Maternal, newborn, child and adolescent health

Mainstreaming adolescent pregnancy in the work of the WHO

Report of the expert group meeting

World Health Organization

Publication details

Number of pages: 36
Publication date: 2009
Languages: English
WHO reference number: WHO/MPS/09.10



From 10 to 12 February 2009, the World Health Organization’s Making Pregnancy Safer (MPS) Department, in collaboration with the Department of Child and Adolescent Health and Development (CAH) and the Department of Reproductive Health and Research (RHR), held a three-day expert group meeting on the subject of adolescent pregnancy.

The overall aim for the meeting was to achieve consensus from international experts and WHO staff on the optimal ways to address issues arising from pregnancy in adolescence within the work of the key departments of WHO. More specifically, the meeting aimed to review the adequacy of the evidence and information presented in the document entitled “Position Paper on Mainstreaming Adolescent Pregnancy in the WHO’s Making Pregnancy Safer Strategic Approach” (World Health Organization, 2008), as well as to examine key actions that could advance WHO’s work in addressing adolescent pregnancy at all levels within the organization.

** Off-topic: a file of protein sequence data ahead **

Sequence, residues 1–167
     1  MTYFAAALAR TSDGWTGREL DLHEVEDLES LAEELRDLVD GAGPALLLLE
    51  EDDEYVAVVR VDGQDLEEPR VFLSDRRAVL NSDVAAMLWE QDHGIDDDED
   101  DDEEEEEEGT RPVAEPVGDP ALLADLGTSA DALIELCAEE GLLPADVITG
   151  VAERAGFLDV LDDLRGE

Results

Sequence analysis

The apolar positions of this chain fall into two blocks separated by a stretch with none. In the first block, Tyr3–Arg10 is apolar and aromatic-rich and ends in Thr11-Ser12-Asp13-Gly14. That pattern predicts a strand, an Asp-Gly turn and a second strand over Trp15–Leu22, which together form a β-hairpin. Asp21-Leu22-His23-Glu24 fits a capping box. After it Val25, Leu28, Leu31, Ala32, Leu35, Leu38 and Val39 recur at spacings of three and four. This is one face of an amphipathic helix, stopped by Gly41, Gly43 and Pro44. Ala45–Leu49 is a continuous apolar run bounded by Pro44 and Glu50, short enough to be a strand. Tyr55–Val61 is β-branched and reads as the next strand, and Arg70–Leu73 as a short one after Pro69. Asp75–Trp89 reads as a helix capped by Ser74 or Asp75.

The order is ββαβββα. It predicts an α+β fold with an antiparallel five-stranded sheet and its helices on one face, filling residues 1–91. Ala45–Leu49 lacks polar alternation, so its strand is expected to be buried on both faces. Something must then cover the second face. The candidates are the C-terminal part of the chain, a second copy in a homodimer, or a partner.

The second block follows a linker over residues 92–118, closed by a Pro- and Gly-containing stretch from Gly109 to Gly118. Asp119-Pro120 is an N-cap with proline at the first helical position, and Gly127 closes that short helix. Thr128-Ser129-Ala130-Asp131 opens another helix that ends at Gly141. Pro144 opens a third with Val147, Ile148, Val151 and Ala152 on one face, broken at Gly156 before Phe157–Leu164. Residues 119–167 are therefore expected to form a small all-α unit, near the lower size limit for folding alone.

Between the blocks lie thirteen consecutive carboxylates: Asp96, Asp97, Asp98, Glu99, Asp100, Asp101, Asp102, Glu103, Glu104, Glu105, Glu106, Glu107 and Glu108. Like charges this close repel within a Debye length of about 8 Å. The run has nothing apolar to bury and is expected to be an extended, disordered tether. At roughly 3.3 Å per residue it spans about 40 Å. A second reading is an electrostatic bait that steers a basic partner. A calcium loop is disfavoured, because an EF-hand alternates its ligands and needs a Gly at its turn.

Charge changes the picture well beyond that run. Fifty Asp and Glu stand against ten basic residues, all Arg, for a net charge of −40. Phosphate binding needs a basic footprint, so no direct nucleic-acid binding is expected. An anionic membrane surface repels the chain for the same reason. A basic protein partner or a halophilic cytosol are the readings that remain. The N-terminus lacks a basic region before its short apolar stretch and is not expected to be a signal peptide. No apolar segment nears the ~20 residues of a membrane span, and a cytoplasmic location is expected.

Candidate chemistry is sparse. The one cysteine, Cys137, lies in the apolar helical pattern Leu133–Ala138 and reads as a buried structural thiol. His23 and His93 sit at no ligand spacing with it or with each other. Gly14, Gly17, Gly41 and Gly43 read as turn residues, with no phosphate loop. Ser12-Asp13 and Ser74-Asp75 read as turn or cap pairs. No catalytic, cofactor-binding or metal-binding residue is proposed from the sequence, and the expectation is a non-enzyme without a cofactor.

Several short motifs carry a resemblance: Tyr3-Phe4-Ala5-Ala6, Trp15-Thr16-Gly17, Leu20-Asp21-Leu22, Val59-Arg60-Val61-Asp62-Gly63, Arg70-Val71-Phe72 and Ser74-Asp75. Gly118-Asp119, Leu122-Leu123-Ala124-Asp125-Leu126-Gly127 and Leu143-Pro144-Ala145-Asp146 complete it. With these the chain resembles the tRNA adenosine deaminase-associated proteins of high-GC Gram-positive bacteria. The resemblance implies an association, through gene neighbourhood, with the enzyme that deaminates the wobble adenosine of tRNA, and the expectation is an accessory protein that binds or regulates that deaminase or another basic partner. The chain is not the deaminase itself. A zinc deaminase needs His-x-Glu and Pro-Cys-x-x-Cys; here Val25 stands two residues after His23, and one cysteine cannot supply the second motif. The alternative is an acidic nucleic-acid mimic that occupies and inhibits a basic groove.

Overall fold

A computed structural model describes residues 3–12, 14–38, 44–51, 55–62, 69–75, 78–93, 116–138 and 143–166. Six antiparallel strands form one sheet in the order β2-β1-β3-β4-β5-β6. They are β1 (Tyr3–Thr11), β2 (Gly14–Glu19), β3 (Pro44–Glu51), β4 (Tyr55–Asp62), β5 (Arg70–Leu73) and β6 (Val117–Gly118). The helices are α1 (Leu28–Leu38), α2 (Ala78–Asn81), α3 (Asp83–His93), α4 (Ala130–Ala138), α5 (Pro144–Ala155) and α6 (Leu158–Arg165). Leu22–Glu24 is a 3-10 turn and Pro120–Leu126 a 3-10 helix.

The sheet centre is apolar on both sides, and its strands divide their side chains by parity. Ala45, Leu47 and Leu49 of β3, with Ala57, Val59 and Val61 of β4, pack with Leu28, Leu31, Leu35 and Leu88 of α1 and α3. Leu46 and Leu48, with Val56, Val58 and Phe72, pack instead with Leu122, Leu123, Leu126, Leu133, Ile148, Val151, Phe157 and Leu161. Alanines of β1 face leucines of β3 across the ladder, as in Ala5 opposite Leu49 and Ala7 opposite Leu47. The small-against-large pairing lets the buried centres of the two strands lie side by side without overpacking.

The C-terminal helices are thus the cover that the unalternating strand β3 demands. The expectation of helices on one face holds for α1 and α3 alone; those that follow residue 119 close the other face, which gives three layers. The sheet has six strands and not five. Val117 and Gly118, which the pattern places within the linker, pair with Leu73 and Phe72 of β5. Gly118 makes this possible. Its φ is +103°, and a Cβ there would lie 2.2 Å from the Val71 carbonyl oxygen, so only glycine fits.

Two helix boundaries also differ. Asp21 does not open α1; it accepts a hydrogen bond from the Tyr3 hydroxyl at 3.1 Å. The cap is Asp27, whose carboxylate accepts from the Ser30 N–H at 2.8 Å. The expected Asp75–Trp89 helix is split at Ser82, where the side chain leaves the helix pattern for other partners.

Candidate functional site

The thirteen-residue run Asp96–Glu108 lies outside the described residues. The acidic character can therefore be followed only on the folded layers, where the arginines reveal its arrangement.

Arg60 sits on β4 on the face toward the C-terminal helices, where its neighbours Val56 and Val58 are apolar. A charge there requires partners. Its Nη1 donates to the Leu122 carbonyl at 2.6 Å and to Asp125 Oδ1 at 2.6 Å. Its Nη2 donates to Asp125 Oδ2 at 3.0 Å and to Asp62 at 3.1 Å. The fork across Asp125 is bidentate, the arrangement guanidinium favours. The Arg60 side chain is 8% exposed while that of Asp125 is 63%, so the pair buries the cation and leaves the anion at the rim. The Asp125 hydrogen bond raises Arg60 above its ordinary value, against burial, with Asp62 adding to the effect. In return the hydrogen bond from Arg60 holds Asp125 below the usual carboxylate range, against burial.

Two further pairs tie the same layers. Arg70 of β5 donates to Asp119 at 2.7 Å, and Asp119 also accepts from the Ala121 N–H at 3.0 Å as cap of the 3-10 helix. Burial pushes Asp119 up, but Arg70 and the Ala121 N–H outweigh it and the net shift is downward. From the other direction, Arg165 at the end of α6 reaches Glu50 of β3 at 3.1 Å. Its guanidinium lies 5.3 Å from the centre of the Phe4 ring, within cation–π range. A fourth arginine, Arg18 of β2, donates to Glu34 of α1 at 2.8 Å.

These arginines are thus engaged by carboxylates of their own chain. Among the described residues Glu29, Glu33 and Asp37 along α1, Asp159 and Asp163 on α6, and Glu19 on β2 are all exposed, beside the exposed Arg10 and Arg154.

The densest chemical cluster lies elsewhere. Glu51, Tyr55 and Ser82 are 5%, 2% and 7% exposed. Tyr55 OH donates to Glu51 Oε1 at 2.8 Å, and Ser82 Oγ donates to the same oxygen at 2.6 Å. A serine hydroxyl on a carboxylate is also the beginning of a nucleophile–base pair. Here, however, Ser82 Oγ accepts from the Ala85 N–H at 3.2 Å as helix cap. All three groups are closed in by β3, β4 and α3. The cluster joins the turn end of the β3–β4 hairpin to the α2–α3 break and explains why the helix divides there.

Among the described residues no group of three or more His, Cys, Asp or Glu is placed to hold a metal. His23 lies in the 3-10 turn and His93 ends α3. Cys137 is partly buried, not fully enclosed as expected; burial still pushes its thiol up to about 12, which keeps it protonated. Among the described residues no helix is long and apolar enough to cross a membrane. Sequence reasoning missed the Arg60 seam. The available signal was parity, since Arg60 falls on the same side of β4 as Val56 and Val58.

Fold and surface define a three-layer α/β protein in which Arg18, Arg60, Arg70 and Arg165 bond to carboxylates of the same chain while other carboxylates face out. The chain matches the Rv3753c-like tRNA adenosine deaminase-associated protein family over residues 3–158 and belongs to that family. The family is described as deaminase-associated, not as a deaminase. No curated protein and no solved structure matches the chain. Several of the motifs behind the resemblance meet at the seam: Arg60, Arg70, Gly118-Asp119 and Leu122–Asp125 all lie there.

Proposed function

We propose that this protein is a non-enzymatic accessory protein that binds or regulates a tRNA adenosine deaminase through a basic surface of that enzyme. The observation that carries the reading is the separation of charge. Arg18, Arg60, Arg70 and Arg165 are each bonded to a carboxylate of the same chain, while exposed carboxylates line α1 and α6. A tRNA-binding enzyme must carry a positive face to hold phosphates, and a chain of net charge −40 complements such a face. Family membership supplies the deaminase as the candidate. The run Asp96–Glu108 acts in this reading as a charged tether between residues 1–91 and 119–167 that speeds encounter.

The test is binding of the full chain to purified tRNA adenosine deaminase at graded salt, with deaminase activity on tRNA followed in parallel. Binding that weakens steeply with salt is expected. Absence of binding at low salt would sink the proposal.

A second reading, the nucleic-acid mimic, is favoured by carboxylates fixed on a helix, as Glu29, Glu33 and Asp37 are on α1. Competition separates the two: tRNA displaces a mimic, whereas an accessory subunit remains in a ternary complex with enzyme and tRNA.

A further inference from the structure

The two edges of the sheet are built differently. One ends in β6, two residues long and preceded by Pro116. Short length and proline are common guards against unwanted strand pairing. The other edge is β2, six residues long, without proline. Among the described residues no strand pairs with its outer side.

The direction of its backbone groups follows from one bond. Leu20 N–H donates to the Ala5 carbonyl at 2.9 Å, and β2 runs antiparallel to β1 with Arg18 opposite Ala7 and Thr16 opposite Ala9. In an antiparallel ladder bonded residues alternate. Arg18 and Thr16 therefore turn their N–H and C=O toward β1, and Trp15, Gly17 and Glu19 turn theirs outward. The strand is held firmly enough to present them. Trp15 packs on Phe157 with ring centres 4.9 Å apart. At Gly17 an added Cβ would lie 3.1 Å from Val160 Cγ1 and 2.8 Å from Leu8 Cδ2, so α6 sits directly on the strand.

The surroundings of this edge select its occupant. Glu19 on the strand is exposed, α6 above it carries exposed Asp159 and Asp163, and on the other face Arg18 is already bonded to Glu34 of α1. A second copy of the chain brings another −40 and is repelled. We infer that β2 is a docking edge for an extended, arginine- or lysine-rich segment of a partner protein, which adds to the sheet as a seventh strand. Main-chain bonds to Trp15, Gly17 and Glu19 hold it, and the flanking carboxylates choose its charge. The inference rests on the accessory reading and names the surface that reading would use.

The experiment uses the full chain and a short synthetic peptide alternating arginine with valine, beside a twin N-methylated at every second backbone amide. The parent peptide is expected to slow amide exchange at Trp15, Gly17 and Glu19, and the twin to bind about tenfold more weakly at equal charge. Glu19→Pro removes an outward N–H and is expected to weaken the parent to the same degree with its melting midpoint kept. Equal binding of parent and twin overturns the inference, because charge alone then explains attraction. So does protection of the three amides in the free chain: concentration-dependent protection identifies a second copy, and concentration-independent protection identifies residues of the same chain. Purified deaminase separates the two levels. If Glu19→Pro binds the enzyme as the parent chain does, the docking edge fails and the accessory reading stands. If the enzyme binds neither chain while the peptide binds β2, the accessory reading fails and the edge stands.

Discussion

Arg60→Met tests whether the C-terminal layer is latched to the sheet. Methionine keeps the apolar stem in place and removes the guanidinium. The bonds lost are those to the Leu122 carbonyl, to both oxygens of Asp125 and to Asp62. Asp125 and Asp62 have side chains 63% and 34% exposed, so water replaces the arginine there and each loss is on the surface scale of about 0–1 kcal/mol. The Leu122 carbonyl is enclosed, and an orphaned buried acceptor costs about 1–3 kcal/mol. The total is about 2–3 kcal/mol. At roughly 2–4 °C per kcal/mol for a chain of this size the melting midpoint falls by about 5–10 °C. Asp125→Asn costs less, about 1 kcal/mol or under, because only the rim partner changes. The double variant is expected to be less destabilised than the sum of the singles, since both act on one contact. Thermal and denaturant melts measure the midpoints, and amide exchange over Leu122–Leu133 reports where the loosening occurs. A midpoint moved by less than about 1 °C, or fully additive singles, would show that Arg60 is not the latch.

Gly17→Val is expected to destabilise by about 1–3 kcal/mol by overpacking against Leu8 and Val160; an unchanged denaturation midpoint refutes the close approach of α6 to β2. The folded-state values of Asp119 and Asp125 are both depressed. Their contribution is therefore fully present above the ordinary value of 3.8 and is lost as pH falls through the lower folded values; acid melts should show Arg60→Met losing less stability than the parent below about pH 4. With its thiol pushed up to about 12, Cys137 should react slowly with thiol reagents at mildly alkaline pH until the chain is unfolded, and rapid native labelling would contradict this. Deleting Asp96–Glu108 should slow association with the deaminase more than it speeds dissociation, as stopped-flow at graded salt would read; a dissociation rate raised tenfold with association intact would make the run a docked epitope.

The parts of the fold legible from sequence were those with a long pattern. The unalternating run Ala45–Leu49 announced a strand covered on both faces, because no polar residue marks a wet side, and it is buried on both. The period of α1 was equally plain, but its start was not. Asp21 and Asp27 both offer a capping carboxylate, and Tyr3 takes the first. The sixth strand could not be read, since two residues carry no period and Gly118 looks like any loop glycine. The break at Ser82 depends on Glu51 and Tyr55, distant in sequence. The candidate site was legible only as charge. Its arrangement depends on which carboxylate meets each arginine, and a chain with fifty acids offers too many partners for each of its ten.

The expert group meeting made deliberate efforts to build on existing work in the area of adolescent pregnancy, including the technical working group meeting on “Meeting the Millennium Development Goals for Maternal Mortality Reduction and Pregnant Adolescents,” convened by WHO and held in Geneva August 5-6, 2003. It also drew on previous literature reviews on adolescent pregnancy including previous WHO-commissioned reviews (World Health Organization, 2004; World Health Organization, 2007), which was used as the basis of the Position Paper.

The outcomes of this meeting are equally to align closely with the work in progress of various WHO departments, including the planned Systematic Review of Interventions to Prevent Too Early Pregnancy and Poor Reproductive Outcomes among Adolescents in Developing Countries, led by the CAH Department.